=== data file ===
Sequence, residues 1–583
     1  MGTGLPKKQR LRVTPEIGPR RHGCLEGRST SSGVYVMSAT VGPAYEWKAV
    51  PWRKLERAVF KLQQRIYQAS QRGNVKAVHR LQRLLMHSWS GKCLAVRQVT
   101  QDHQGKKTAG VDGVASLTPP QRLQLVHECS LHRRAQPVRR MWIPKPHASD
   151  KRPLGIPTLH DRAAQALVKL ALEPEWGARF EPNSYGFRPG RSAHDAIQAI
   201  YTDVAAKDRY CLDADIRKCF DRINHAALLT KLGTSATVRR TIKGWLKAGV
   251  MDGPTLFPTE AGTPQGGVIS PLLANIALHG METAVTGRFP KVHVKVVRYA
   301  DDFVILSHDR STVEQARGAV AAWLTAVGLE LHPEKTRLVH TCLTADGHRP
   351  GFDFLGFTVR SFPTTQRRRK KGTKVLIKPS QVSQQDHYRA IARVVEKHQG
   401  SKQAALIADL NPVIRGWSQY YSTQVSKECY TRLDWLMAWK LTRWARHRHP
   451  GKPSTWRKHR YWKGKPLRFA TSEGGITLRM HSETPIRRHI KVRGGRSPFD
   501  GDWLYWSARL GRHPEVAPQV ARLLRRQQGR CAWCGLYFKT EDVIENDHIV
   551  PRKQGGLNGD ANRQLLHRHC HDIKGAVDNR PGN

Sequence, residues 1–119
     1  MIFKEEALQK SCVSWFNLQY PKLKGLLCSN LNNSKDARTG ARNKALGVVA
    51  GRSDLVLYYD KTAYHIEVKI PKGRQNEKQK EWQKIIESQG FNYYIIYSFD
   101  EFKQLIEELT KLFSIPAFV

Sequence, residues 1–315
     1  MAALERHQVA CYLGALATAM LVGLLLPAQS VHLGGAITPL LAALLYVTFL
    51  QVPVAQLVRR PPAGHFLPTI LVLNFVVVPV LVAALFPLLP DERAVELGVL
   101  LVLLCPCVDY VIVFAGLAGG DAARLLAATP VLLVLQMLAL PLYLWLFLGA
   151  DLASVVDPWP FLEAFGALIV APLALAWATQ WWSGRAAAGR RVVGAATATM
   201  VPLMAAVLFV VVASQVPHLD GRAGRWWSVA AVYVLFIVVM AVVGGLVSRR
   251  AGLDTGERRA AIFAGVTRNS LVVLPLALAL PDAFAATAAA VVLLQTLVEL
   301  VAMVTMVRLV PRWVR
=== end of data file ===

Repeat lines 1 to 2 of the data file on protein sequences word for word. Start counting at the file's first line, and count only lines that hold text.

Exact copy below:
Sequence, residues 1–583
     1  MGTGLPKKQR LRVTPEIGPR RHGCLEGRST SSGVYVMSAT VGPAYEWKAV